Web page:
The 2,500-year-old city famously bridging east and west knows how to roll with the times. Istanbul’s 21st century make­over – sleek skyscrapers, chic hotels, a state-of-the art airport terminal and award-winning national carrier – is drawing in global companies such as GE, Nestlé, Coca-Cola, Microsoft and PepsiCo, which have made it their headquarters for multiregional operations.

But beyond the glass-and-steel facades, the city of about 15m people is riddled with infrastructure challenges that loom large over its bid to become a global powerhouse.

While Istanbul’s position as a regional crown jewel is undisputed, its quality of life rankings are closer to those of a third-world city than to London, Paris or Stockholm. Rapid population growth, traffic jams, poor public transport, earthquake risk and lack of a cohesive urban development strategy are all pressing issues. At 5,343 sq km, it is one of the largest metropolitan areas in the world.

The city is governed by the Istanbul Metropolitan Municipality (IMM) with a directly elected mayor, Kadir Topbas, who belongs to the ruling Justice and Development Party (AKP). The position is an important one in Turkish national politics. Recep Tayyip Erdogan, the prime minister, began his ascendancy as mayor from 1994 to 1998.

The IMM has 39 elected local municipalities but no overarching plan to co-ordinate development between them. In 2005, the mayor set up the Istanbul Metropolitan Planning and Design Centre (IMP), a public-private partnership, but its efforts to develop a plan have been dogged by controversy.

Unchecked population growth is the biggest strain on the city’s resources. The Organisation for Economic Co-operation and Development (OECD) estimates that Istanbul’s population will grow to 16m by 2017, and to 23m by 2023. Density levels are high compared with other European, or US cities. The city’s peak density of 68,602 people per sq km is well above Manhattan’s.

Congested, smog-choked roads are a problem, with almost 1.8m cars and an additional 84,000 every year. Although there are only 139 cars per 1,000 inhabitants – low compared with European rates – the average travel time for motorised trips increased from 41 minutes in 1996 to 49 minutes in 2006. Carbon emissions from Istanbul traffic rose 37 per cent between 1990 and 2007, from 6.5m tonnes per year to 8.9m.

“The severe traffic congestion despite low car ownership levels is a typical feature of developing countries,” says Haluk Gercek, a transportation engineering professor at Istanbul Technical University and planning consultant.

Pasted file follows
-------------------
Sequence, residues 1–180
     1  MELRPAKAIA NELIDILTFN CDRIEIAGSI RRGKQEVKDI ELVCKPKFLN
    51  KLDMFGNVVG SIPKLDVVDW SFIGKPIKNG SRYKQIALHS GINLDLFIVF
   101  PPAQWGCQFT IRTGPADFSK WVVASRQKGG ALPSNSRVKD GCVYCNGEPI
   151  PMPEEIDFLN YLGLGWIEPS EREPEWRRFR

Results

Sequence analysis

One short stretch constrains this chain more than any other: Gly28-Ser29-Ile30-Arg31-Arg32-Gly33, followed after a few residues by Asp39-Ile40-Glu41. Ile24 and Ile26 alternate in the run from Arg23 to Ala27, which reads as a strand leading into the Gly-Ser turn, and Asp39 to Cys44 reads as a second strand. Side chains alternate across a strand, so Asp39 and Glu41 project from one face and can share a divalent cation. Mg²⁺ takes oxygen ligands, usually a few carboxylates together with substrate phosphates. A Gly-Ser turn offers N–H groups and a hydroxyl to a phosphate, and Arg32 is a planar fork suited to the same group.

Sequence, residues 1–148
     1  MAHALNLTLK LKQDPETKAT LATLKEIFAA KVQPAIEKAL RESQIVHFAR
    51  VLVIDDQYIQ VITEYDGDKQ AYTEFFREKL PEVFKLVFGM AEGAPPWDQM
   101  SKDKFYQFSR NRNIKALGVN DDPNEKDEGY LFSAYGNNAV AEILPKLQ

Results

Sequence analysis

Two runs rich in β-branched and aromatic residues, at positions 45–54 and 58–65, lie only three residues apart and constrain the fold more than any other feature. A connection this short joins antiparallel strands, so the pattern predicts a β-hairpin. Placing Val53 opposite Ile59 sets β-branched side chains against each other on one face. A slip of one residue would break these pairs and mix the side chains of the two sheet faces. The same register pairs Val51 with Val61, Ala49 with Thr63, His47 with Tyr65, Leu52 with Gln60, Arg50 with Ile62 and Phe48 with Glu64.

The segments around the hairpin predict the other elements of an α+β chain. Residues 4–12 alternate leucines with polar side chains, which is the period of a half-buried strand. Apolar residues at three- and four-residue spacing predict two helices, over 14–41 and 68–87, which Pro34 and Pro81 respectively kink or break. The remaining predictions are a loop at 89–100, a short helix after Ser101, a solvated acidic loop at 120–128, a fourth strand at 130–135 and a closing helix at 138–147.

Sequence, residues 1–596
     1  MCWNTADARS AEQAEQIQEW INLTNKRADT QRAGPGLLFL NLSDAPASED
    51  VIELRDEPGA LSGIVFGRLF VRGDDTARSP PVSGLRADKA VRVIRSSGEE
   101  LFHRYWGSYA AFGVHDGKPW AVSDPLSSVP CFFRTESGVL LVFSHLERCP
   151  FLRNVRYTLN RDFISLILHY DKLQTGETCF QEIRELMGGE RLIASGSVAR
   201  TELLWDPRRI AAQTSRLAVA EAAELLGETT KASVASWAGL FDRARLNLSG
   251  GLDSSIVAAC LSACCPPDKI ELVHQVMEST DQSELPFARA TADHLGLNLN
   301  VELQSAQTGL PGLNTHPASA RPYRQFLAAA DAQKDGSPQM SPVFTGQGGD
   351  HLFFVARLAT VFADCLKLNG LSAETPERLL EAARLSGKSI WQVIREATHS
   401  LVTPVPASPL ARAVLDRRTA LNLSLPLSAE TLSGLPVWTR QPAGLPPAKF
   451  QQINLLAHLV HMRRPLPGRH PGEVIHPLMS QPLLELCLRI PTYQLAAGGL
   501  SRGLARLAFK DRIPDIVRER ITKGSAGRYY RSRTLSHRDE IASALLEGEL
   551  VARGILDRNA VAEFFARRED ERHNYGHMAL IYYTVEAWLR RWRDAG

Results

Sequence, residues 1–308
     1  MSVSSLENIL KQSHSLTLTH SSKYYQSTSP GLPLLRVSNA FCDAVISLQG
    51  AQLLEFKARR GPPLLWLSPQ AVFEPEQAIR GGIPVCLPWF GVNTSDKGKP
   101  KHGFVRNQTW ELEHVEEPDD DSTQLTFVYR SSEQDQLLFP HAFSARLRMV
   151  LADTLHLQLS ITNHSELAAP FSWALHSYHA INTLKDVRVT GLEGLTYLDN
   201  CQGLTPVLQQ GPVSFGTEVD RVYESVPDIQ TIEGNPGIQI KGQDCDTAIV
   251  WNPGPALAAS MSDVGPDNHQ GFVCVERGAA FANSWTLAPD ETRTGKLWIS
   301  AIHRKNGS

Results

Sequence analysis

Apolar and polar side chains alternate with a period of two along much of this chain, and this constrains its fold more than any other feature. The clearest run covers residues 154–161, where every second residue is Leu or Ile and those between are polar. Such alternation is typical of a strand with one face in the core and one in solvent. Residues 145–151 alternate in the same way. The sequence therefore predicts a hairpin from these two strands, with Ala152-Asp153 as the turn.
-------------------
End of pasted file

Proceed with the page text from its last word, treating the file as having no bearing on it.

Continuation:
“It means that there hasn’t been a public transport policy in place and so what public transport there is, is based on buses and minibuses.”

Istanbul has spent the past decade trying to catch up by investing heavily in its infrastructure. A metro system began operating in 2000. Construction is under way to expand the existing network to 231km by 2015, although funding to complete it is not yet secured. Since 2007, a Metrobus (BRT) system has been operating at full capacity along a dedicated lane crossing the Bosphorus Bridge. A planned €751m, 22km metro rail line will service much of the Asian side of Istanbul along another congested traffic corridor.

A $3.5bn rail tunnel running under the Bosphorus is due to open in 2013. Construction was held up for months when underwater excavations uncovered a Byzantine harbour and more than 30 ancient ships. “The municipality’s effort is there but you also have to recognise their challenge. Wherever you dig in Istanbul, you hit layers and layers of history,” says Shahbaz Mavaddat, director of southern Europe and Central Asia for the International Finance Corporation, based in Istanbul.

The IMM has finally drafted a transportation master plan up to 2023, in conjunction with the Japan International Co-operation Agency (JICA). It aims to increase rail and sea-based public transport from their current tiny fraction of the total. “It is not going to happen overnight,” cautions Prof Gercek. “We are 100 years behind other metropolises.”

Part of the problem is that Ankara too wants a piece of Istanbul. The Transport Ministry is backing two deeply controversial projects that did not appear in any of the municipality’s own draft development plans. One is to build a third bridge across the straits, despite criticism that this will destroy reservoirs and the few remaining forests, as well as create unwanted additional traffic.

The second is the Bosphorus Highway Tube Tunnel, a $1bn underwater tunnel whose goal of bringing 80,000 cars to the historic heart of the city each day has also been criticised. It was tendered to a Turkish-Korean consortium with a 30-year operating concession but has stalled over financing difficulties.

There is also the ever-present threat of a massive earthquake. In 1999, a big quake 50 miles east of Istanbul caused 20,000 deaths. A new report by JICA based on four years of research estimates that a quake with an expected size of 7.0 on the Richter scale could kill 35,000 people, destroy 5,000 buildings and cause losses of $100bn.

The city has an earthquake readiness master plan that was developed in 2006 with several universities, but there has been little progress on retrofitting poor housing stock.

Nevertheless, analysts are upbeat about the outlook for Istanbul’s global ambitions, as long as officials continue to invest in infrastructure and planning.

“A young, dynamic population, Istanbul’s efforts to become a financial hub and the increased volume of international trade conducted here bode well for a bright future,” says Ersun Bayraktaroglu, real estate expert and partner at PwC in Istanbul. “But Turkey needs to prepare for this by doing its homework.”

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